Lastly we have Olayemi who for her main course was sticking with her Nigerian cuisine and making Efo Riro, which is a type of Spinach Stew with “Efo Riro” being made up of the Yoruba words for “Spinach” and “to stir”. Besides the spinach the dish is often flavoured with various kinds of fish, Olayemi opted for Salmon, Smoked Mackerel and Sea Bass, over the usual crayfish. Efo Riro is usually served as an accompaniment to Rice, Plantain or Fufu but Olayemi was using it as an accompaniment to a piece of salmon as well as some Coconut Saffron Rice, Egusi (another West African vegetable soup thickened with melon seeds) and a pot of Tomato and Chilli Pickle – and in order to curb her tendency to over-plate she had used smaller plates
I’m glad she wasn’t then tempted to take the Vegas Vacation approach to plating up
Ah, the art of the buffet – a practice lost to the ravages of the pandemic.
The last time we saw Egusi on the show was during the celebrity series when Nabil served it alongside smoked barracuda which didn’t go down phenomenally well. Thankfully it was a much more successful outcome for Olayemi, with her choice of fish being much more popular, particularly the skin-on mackerel which added a good depth to the Efo Riro. But even with the two great sauces and the perfectly cooked salmon, it was her pickle that caught Ping’s attention
I’m still waiting on the MasterChef brand of sauces because we’ve now had several dubbed “worthy of being in stores”.
Olayemi was finishing off her menu with the obligatory Panna Cotta, but at least it wasn’t vanilla! Instead she was flavouring it with Coconut and Lemongrass and serving it topped with pineapple – but there wasn’t any rum so she wasn’t allowed to call it a Pina Colada, instead the pineapple had been seasoned with just a touch of Scotch Bonnet
it’s a crowd pleasing dessert – if the pina colada has taught us anything, it’s that you can’t go wrong with pineapples and coconuts. Much like the chilli ginger syrup she served with her Pina Colada Impossible Pie, the scotch bonnet on the pineapple is perfectly handled and adds a fun zing to the whole thing. She had also made a Citrus Sauce for the panna cotta but nobody mentions it and it sit neglected on the side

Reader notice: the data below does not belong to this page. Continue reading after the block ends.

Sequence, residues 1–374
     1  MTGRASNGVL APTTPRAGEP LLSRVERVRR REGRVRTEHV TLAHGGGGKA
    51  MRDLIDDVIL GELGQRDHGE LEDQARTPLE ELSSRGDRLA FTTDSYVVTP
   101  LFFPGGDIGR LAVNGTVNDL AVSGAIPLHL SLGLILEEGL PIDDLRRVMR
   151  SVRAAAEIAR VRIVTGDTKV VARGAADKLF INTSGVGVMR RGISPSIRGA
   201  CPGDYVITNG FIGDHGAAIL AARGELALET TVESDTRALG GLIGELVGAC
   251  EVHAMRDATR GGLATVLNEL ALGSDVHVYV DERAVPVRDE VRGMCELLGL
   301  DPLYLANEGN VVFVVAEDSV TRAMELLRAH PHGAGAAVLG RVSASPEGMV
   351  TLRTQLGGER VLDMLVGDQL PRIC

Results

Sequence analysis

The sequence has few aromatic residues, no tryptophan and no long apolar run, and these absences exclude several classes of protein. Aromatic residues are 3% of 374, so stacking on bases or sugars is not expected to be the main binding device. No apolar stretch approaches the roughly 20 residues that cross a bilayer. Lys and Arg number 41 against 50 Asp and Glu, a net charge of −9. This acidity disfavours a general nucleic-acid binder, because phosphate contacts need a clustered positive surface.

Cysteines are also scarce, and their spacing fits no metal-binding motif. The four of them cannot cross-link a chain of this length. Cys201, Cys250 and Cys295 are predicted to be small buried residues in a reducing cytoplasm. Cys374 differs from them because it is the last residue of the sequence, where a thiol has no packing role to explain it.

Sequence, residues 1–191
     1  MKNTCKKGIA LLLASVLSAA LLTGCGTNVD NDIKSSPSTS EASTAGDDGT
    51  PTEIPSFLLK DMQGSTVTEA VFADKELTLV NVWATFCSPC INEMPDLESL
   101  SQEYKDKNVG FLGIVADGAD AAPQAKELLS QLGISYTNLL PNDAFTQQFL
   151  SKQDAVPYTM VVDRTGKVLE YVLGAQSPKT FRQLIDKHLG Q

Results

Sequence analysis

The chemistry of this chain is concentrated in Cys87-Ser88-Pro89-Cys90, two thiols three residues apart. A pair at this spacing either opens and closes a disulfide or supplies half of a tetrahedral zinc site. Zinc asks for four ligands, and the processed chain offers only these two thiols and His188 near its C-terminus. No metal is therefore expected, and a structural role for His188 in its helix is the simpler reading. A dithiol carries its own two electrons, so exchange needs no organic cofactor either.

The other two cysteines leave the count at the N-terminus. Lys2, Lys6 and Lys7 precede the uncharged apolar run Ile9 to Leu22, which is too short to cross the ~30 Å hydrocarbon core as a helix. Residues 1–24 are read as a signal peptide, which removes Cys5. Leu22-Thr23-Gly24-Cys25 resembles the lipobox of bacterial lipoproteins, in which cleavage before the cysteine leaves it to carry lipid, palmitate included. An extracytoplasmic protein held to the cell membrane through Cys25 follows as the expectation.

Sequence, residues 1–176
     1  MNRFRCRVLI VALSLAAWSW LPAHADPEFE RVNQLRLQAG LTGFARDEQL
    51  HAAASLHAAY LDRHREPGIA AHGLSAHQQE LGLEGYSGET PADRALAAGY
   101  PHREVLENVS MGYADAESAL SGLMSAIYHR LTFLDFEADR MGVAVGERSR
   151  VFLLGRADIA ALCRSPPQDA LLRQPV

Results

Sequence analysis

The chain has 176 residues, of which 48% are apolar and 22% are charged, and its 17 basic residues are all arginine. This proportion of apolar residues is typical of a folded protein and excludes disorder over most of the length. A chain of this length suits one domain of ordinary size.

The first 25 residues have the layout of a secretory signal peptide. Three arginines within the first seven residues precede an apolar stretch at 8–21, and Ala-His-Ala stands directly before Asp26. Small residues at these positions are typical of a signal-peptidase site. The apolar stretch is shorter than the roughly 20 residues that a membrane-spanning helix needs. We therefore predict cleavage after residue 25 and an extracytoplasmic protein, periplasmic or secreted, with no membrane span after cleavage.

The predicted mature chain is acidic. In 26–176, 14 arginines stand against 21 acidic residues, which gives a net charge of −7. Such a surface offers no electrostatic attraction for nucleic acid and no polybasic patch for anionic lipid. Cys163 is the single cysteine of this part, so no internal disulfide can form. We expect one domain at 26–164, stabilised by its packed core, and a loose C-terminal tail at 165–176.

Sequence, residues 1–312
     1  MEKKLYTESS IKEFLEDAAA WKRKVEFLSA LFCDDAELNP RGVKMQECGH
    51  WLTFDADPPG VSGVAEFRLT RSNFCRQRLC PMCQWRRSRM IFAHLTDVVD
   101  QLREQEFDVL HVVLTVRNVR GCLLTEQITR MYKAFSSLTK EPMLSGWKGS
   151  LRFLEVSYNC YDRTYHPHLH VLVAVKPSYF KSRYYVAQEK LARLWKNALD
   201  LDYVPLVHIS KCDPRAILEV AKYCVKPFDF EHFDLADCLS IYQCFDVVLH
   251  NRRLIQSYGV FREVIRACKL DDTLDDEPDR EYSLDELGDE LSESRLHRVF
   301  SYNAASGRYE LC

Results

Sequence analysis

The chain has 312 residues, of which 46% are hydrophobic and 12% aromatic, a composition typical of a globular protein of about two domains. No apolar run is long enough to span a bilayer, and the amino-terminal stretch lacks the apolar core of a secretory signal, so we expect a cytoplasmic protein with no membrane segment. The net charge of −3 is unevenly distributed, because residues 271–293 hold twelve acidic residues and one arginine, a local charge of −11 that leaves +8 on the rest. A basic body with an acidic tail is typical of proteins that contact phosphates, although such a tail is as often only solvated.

Alexa, play “Behind Blue Eyes” by The Who.
A Quarterfinal Dish Ranking
- Ioan vs The Lamb Curse
- Olayemi’s Small Surface Area Efo Riro
- Ioan’s Not-So-Wet Fish
- Olayemi’s Virgin Pinna-cotta
- Michaela’s Pile of Pistachios and a Chocolate Fondant
- Michaela’s Fillet Steak Was Fine, Gregg
- Jan-Paul Taps Out on a Tapsilog
- Jan-Paul Has a Bloody Nightmare
I think it was a pretty easy decision this week, Olayemi and Ioan had two very good dishes each and made no mistakes between the two of them. I think Jan-Paul certainly knew his time on MasterChef was coming to an end based entirely on how relaxed he looked in The Shame Chimney
No thoughts, just vibes.
I really love Jan-Paul’s approach to food and he hasn’t made a single thing that I wouldn’t be very eager to at least try, and if you want to follow him on Instagram, you can at TwoHungryGaysians.
Michaela had a stronger episode than Jan-Paul but her main course had a few technical errors and Gregg Wallace is simply incapable of forgiving a lack of cream with a dessert and she too has to leave the competition
I’ve enjoyed Michaela as a contestant – there’s something very old-school MasterChef about the things she cooked, which I like because it felt more relatable (we rarely get a lasagne and we should treasure them when we do) and if you want to follow her on Instagram, you can at XOXO_GreedyGirl, and I VERY much appreciate that Gossip Girl reference.
So that means our latest set of semi-finalists are Ioan, Ioan’s biceps (oh, we’ve noticed) and Olayemi
I’m thrilled for them – if they’re able to go into Professional kitchens this year I’ll be very interested to see Ioan in that environment and if anyone is going to absolutely boss a mass catering challenge, it’s Olayemi and her inability to make less than 17 portions of rice at any given time.
And if you’ve enjoyed this recap of MasterChef 2022’s third Quarterfinal and would like to support the blog you can donate to my Ko-fi account HERE!